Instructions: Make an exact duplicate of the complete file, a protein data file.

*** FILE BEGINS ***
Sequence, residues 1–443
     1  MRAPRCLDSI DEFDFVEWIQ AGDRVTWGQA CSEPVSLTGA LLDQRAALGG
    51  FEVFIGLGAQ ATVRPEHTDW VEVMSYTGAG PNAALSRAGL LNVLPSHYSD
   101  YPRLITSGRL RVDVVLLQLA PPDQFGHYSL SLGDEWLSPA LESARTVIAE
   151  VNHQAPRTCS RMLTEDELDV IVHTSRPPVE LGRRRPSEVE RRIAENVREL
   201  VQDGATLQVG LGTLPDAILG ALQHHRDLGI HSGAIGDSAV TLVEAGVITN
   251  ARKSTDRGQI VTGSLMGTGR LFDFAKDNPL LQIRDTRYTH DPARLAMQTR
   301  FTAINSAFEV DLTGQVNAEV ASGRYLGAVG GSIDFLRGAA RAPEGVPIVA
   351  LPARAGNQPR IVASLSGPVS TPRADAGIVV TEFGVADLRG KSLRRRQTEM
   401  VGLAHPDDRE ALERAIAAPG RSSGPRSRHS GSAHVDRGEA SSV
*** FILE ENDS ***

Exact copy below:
Sequence, residues 1–443
     1  MRAPRCLDSI DEFDFVEWIQ AGDRVTWGQA CSEPVSLTGA LLDQRAALGG
    51  FEVFIGLGAQ ATVRPEHTDW VEVMSYTGAG PNAALSRAGL LNVLPSHYSD
   101  YPRLITSGRL RVDVVLLQLA PPDQFGHYSL SLGDEWLSPA LESARTVIAE
   151  VNHQAPRTCS RMLTEDELDV IVHTSRPPVE LGRRRPSEVE RRIAENVREL
   201  VQDGATLQVG LGTLPDAILG ALQHHRDLGI HSGAIGDSAV TLVEAGVITN
   251  ARKSTDRGQI VTGSLMGTGR LFDFAKDNPL LQIRDTRYTH DPARLAMQTR
   301  FTAINSAFEV DLTGQVNAEV ASGRYLGAVG GSIDFLRGAA RAPEGVPIVA
   351  LPARAGNQPR IVASLSGPVS TPRADAGIVV TEFGVADLRG KSLRRRQTEM
   401  VGLAHPDDRE ALERAIAAPG RSSGPRSRHS GSAHVDRGEA SSV